Samuel Garman

Samuel Garman
Born (1843-06-05)June 5, 1843
Indiana County, Pennsylvania, United States
Died September 30, 1927(1927-09-30) (aged 84)[1]
Citizenship American
Fields Zoology

Samuel Walton Garman (June 5, 1843 – September 30, 1927), or "Garmann" as he sometimes styled himself,[2] was a naturalist/zoologist from Pennsylvania. He became noted as an ichthyologist and herpetologist.[2]


Garman was born in Indiana County, Pennsylvania, on 5 June 1843. In 1868 he joined an expedition to the American West with John Wesley Powell. He graduated from the Illinois State Normal University in 1870, and for the following year was principal of the Mississippi State Normal School. In 1871, he became professor of natural sciences in Ferry Hall Seminary, Lake Forest, Illinois, and a year later became a special pupil of Louis Agassiz.[3] He was a friend and regular correspondent of the naturalist Edward Drinker Cope, and in 1872 accompanied him on a fossil hunting trip to Wyoming. In 1873 he became assistant director of herpetology and ichthyology at Harvard's Museum of Comparative Zoology. His work was mostly in the classification of fish, especially sharks, but also included reptiles and amphibians. Harvard College awarded him honorary degrees for his scientific work, B.S. in 1898 and A.M. in 1899.[2]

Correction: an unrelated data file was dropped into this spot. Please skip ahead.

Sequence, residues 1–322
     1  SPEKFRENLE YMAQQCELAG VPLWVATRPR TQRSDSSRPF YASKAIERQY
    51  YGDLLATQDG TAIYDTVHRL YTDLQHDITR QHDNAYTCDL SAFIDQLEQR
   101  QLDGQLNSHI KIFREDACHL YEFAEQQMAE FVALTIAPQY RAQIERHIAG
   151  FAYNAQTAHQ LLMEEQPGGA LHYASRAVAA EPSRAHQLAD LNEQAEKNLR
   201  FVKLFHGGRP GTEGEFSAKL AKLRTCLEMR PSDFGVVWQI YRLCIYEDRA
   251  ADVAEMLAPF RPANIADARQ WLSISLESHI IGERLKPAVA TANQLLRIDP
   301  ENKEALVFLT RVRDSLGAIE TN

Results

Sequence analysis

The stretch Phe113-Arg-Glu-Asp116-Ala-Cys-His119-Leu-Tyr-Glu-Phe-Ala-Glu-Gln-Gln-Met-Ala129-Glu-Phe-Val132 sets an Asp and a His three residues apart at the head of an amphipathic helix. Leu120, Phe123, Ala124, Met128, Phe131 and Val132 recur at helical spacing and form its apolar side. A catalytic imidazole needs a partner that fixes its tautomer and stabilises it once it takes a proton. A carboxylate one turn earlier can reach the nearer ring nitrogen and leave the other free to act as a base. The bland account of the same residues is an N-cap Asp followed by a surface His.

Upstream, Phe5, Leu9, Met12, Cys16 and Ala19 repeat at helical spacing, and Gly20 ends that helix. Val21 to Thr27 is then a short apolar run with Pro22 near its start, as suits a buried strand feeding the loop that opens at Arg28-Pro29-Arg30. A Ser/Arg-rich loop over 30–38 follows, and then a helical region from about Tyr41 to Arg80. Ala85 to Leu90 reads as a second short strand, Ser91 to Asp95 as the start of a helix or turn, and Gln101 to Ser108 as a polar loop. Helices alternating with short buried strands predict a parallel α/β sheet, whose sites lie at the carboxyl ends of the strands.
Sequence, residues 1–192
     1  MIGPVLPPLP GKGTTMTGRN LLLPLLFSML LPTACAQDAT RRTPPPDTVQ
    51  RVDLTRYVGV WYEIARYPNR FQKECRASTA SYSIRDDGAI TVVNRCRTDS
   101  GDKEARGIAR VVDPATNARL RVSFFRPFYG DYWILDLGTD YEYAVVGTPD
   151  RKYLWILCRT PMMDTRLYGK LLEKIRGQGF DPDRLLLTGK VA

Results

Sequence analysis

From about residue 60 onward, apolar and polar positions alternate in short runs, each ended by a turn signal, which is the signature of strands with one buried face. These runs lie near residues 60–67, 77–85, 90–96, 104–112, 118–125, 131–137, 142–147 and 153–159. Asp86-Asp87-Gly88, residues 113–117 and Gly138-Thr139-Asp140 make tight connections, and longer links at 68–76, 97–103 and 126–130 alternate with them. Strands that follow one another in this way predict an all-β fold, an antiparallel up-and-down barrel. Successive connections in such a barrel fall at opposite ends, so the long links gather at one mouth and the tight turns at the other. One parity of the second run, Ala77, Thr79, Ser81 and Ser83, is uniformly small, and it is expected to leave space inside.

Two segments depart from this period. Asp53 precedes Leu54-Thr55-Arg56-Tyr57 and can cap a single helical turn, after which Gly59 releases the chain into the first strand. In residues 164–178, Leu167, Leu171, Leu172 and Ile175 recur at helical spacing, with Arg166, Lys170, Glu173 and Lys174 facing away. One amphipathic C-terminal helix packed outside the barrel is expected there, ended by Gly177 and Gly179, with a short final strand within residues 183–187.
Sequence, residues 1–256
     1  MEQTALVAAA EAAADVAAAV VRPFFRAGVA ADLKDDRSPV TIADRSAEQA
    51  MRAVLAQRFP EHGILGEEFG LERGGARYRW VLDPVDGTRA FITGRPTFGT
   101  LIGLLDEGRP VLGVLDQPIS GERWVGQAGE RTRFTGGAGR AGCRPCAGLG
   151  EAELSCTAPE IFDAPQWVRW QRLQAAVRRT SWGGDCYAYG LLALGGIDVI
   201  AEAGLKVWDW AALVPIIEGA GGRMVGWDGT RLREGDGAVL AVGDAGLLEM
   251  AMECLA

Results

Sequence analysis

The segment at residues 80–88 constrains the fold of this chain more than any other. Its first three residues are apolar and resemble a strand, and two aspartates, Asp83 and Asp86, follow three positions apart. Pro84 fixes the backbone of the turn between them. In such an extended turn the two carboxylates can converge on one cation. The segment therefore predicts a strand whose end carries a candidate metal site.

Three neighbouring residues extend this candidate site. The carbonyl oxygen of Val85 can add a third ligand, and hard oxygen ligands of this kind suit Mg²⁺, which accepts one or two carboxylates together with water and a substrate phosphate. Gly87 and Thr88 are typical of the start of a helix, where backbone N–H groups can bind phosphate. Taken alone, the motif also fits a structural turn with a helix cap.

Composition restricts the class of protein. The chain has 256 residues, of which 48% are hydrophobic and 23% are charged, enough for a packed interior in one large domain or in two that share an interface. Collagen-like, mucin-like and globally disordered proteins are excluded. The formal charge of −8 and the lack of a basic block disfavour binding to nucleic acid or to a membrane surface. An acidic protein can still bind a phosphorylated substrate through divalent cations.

While working at Harvard, he lived in Arlington Heights, Massachusetts. In 1895, he married Florence Armstrong of St. John, New Brunswick. They had a daughter.[1]

Publications (selected)


  1. 1 2 Hubert Lyman Clark (1931). "Garman, Samuel". Dictionary of American Biography. New York: Charles Scribner's Sons.
  2. 1 2 3 Adler, Kraig (1989). Contributions to the history of herpetology. Society for the Study of Amphibians and Reptiles. p. 61. ISBN 978-0-916984-19-9.
  3.  One or more of the preceding sentences incorporates text from a publication now in the public domain: Wilson, James Grant; Fiske, John, eds. (1900). "Garman, Samuel". Appletons' Cyclopædia of American Biography. New York: D. Appleton.


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